Enter R2 and RG, compute VOL  1 EEx 3 ENTER 6.2 EEx 3
D
1.13  00
Compute VOH  R/S   4.15  00

This is within the A/D’s input range at the lower bound, but outside the range at the upper bound. What happens if we use the next available value for RG, 6.8kΩ, instead?

Description Keystrokes Display
Enter R2 and RG, compute VOL  1 EEx 3 ENTER 6.8 EEx 3
D
1.09  00
Compute VOH  R/S   3.88  00

This is almost centered within the desired output range, and covers 93% of it.

The only remaining concern is how component tolerances might affect the solution. This can be analyzed by trying different combinations of R1, R2, RF, and RG representing resistors that are maximally out of tolerance (±5%) in each direction.

For example, to test the case where R1 and RF are 5% low and R2 and RG are 5% high, follow these steps:

Description Keystrokes Display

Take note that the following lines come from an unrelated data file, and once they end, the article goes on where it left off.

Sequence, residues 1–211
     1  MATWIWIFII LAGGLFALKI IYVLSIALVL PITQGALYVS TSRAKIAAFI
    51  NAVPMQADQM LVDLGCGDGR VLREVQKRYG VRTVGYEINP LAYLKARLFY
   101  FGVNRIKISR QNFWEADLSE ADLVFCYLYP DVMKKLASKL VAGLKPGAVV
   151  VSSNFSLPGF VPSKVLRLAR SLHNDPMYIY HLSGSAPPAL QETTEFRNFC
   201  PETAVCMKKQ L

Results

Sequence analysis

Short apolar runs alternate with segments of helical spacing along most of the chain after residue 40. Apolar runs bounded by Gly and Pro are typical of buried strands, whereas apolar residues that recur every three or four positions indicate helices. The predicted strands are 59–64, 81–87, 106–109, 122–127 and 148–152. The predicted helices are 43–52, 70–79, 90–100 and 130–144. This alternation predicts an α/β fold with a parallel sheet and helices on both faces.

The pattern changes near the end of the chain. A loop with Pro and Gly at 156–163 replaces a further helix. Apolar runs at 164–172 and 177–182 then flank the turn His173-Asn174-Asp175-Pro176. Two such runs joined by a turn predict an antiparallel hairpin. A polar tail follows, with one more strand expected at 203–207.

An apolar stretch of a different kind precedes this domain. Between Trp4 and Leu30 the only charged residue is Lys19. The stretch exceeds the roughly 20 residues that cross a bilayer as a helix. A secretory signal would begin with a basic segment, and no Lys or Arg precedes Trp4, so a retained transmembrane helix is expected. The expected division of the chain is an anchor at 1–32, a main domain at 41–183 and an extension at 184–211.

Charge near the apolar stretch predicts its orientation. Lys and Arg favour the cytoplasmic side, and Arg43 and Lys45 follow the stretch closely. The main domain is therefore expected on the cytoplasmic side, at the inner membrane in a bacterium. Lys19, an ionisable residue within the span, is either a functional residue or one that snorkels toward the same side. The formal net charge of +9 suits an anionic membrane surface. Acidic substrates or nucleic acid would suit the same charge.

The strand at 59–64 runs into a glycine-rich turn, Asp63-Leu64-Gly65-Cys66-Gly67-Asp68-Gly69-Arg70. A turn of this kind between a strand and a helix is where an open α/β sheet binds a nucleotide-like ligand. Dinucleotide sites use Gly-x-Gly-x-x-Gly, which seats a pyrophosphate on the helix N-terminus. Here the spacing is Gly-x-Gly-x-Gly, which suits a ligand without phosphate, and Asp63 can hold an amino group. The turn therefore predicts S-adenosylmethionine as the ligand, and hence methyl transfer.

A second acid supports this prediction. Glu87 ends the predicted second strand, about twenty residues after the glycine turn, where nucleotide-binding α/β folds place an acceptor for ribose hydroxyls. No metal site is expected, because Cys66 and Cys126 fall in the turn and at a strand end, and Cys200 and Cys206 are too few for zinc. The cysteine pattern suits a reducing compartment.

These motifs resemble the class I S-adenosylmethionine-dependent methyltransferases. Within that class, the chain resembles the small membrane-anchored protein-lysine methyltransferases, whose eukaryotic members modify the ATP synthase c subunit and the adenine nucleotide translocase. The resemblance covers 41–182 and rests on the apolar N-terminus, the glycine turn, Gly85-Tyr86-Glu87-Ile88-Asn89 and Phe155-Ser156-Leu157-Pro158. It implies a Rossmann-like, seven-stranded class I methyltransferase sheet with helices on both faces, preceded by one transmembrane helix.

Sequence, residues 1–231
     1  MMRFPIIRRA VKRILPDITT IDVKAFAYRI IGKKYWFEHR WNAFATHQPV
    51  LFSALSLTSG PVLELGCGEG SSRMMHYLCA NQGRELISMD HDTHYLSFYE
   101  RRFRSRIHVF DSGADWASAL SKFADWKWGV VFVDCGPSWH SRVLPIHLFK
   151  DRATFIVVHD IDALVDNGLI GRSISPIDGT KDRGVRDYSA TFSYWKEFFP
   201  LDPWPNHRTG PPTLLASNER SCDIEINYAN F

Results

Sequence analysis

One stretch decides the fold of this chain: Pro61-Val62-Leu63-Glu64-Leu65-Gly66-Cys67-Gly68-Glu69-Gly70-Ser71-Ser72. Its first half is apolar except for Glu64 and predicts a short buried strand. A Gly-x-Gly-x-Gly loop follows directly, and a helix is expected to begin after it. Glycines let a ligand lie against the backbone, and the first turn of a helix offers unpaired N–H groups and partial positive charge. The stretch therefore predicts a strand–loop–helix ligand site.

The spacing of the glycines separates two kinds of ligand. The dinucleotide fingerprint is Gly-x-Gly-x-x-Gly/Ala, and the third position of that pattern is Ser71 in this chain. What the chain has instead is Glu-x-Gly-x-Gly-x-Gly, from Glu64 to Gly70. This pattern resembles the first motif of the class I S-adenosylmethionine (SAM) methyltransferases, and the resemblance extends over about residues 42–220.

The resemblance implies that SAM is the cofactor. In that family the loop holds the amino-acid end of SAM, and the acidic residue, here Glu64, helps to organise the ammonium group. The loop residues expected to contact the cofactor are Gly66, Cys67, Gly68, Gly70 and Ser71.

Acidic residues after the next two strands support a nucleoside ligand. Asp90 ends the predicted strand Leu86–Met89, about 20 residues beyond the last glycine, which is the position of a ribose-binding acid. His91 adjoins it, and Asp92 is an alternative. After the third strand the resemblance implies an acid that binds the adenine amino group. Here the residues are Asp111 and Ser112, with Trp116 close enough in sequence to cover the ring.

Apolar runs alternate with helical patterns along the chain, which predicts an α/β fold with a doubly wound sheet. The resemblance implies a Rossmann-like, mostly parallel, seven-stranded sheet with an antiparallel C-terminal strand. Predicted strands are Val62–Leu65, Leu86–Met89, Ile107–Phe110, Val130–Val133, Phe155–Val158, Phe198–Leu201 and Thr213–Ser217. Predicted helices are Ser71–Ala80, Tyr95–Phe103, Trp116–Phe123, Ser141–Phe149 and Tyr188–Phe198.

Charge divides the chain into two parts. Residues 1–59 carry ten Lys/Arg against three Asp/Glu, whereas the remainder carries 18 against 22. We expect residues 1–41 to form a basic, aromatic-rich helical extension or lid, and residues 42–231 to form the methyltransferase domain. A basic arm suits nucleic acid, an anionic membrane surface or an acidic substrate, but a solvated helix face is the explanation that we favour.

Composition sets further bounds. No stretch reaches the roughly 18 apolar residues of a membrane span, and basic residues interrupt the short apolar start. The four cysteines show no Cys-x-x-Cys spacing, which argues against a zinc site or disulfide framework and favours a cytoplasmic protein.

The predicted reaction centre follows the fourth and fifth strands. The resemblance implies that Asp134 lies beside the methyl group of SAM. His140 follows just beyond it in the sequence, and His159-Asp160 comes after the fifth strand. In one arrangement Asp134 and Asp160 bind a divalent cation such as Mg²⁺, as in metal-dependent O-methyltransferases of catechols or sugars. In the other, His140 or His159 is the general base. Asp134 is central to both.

Enter low R1 and RF, ignore computed R2  0.95 EEx 3 ENTER 95 EEx 3
C
920.  00
Enter high R2 and RG, compute VOL  1.05 EEx 3 ENTER 7.14 EEx 3
D
808. -03
Compute VOH  R/S   3.48  00

The results show that in this case, the lower limit of the output is out of range, meaning either a redesign is necessary, or tighter tolerance components are needed.

### Cases where b = 0

In cases where the offset, b, is zero, the program will instead use b = 10-9 as the offset. This will avoid any division-by-zero errors. The program will then use case 1 (if m > 0) or case 3 (if m < 0) to compute the solution. In both cases, the computed value for R2 will be very large, typically around 109 times the value specified for R1. This indicates that R2 and VREF can be omitted, and that R1 can be replaced by a direct connection.

## Program Listing

01♦   LBL “GOFF”
02♦   LBL a  Enter available reference voltage